GradIOSH member Matt Hodkin tells us how he became one of the first people to complete an NVQ Level 6 Diploma in Occupational Health and Safety.
IPSUM Power SHEQ Advisor Matt Hodkin has had a connection to health and safety for coming up to 15 years but, he says, it all started with IOSH.
'I began my working life doing admin and IT roles but then I did the IOSH Managing Safely course and, from that, I really developed my interested in health and safety,' Matt says.
'I just started doing little bits of health and safety where I could, creating RAMS and doing a couple of site visits. I was limited to some extent by the company I was working for at the time, which was just a small civils business. But over that period I developed more skills. I did the NEBOSH General and then the NEBOSH Construction, and it just grew from there. The more I did, the more interested I became.'
In 2018, Matt moved to take on his current role with IPSUM Power in Wakefield and his professional experience of health and safety has grown significantly. His daily duties include reviewing IMS systems, completing ISO audits, doing internal and external audits, managing systems such as COSH procedures, and other related aspects such as compliance, calibration of machinery and equipment, as well as overseeing vehicle management. If that wasn’t enough, a year ago he also guided IPSUM Power through its transition from ISO 18001 to ISO 45001.
'That was quite challenging, but achieving the 45001 was really rewarding. I learnt to understand the importance of commitment from management – 45001 is focused on management commitment. And that all goes to behavioural safety and safety culture, which is really the part of health and safety that I find most enjoyable,' he adds.
That also leads us to the reason why we’re talking to Matt. Because of his interest in behavioural safety and safety culture, Matt recently completed a City & Guilds NVQ Level 6 Diploma in Occupational Health and Safety, becoming one of, if not the first person to do so.
'I’ve tried to put some form of education behind me every year, just to increase my knowledge and competency and skills. Previously I did an NVQ-style course – the WAMITAB level 4 Management in Hazardous Waste – which was similar in that it was based on work activities. But the NVQ level 6 was a lot more enjoyable and a lot more in-depth because it was all about what you have actually done within your company. You are tasked to look at your actions and consider what could be done and what you are going to do looking forward to improve that. So it’s more of a proactive look, which is really interesting,' explains Matt.
'I haven’t done the level 5 course so I asked my tutor what the difference was between a level 6 and a level 5. She said the difference was the focus on behavioural safety. That’s an area I am very interested in, so I enjoyed that aspect, seeing how behavioural safety can be promoted within a company and how everybody benefits from health and safety.
'According to the training provider for the course, I was one of the first people to do the NVQ level 6. My tutor had to write up the actual portfolio to do it and when I asked what kind of pace other people had completed the course at – I did it in three months which seemed quite fast – she said she didn’t really know because it seemed as if I was the first person to have done it. I’m not sure if being first is an exciting and good thing, or if my work is going to be under the spotlight too much, though!' he says.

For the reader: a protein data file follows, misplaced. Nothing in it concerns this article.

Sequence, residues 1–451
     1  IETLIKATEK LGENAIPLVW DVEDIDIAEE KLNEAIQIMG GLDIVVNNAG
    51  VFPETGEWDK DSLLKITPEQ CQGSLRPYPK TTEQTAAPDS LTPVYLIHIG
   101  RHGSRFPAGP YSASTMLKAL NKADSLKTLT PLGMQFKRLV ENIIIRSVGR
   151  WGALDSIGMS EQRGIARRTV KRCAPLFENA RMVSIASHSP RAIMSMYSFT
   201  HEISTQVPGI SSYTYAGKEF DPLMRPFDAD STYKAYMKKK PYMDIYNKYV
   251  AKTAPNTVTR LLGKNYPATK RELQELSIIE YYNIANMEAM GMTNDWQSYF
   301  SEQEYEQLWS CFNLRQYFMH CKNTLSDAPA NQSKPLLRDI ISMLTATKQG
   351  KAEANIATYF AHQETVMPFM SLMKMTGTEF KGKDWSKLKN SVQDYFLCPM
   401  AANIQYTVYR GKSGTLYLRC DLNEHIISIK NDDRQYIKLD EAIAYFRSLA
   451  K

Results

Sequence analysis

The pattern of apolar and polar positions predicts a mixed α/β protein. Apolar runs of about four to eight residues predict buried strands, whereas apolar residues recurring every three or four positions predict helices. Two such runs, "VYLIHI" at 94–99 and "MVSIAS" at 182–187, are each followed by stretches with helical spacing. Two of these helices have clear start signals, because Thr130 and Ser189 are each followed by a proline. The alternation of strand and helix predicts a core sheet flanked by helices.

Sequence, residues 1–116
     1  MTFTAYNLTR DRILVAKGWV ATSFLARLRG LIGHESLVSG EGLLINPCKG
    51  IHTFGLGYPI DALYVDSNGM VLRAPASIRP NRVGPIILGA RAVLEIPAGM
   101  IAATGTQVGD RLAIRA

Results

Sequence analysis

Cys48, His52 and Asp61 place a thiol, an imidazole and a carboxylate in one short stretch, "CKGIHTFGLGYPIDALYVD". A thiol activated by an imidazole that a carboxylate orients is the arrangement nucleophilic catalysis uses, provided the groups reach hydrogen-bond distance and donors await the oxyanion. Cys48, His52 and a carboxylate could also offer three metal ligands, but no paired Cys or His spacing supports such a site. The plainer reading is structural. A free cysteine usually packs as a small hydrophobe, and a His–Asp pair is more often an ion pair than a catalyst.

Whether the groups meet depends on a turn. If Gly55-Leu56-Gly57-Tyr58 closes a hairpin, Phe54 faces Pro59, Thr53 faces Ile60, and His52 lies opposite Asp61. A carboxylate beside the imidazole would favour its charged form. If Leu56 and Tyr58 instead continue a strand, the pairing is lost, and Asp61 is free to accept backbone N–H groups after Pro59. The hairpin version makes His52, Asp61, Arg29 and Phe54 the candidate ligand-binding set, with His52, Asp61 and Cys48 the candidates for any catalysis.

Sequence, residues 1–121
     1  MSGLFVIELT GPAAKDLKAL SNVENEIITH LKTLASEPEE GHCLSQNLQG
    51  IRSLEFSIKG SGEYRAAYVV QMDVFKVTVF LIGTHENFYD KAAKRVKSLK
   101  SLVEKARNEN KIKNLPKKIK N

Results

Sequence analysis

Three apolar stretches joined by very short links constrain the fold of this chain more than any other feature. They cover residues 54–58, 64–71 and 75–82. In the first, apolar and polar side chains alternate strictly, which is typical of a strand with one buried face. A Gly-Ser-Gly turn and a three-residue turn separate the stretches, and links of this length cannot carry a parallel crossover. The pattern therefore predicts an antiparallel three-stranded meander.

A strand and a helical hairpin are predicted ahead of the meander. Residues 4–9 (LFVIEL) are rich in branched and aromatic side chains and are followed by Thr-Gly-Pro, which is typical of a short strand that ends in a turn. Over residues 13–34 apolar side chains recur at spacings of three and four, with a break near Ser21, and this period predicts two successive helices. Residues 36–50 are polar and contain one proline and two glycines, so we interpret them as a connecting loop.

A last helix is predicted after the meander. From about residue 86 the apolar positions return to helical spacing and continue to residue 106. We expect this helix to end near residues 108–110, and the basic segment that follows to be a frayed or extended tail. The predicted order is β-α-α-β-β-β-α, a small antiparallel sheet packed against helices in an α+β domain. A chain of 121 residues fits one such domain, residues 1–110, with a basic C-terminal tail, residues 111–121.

Thanks to his NVQ level 6, Matt has seen his IOSH membership change to graduate status. For Matt, not only did IOSH played a decisive role in him starting out on his health and safety journey, but it continues to influence his career.
'IOSH is a great information centre. I find the IOSH magazine really interesting and it provides a great overview of the world of health and safety. I find the prosecutions section very interesting because it makes you aware that these things can and do happen, and I like the way the magazine can focus on specific topics – I found the mental awareness issue some months ago particularly interesting. That’s an important factor in safety: although people’s first thoughts tend to be on what might physically injure you, we are becoming far more aware of mental health. I think that’s a very positive move to a better world.'
And a better world is ultimately what drives Matt to pursue his vocation with such commitment.
'To me, it’s all about making a difference. For some people, health and safety is all just about ticking a box, it’s an administration duty. But I want to use health and safety to create a better working culture and a better working environment. That’s my drive: to learn and understand more different ways to approach safety,' says Matt.
'That’s why I found the NVQ level six so interesting, because there was that focus on behavioural safety and the safety culture within a business. We do these courses and these diplomas because we want to learn more and become better professionals, and to be able to understand safety better. While we can never know it all, we can always learn more.'
Last year, a 21-year-old student from Sunderland became the first apprentice in England to complete the SHE Technician Level 3 Apprenticeship.